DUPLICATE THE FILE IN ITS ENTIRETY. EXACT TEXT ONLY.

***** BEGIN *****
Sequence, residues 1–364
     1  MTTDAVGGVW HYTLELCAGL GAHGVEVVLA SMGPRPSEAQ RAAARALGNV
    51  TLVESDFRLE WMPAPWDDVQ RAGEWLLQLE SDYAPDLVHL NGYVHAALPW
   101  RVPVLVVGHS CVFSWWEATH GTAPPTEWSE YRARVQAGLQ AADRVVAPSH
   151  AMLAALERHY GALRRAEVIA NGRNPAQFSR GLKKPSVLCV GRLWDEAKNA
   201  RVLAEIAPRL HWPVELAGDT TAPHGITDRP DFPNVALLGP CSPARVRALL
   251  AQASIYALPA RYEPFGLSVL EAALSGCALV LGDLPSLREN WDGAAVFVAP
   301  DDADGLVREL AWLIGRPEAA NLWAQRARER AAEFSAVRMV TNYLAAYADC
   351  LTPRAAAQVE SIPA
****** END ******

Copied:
Sequence, residues 1–364
     1  MTTDAVGGVW HYTLELCAGL GAHGVEVVLA SMGPRPSEAQ RAAARALGNV
    51  TLVESDFRLE WMPAPWDDVQ RAGEWLLQLE SDYAPDLVHL NGYVHAALPW
   101  RVPVLVVGHS CVFSWWEATH GTAPPTEWSE YRARVQAGLQ AADRVVAPSH
   151  AMLAALERHY GALRRAEVIA NGRNPAQFSR GLKKPSVLCV GRLWDEAKNA
   201  RVLAEIAPRL HWPVELAGDT TAPHGITDRP DFPNVALLGP CSPARVRALL
   251  AQASIYALPA RYEPFGLSVL EAALSGCALV LGDLPSLREN WDGAAVFVAP
   301  DDADGLVREL AWLIGRPEAA NLWAQRARER AAEFSAVRMV TNYLAAYADC
   351  LTPRAAAQVE SIPA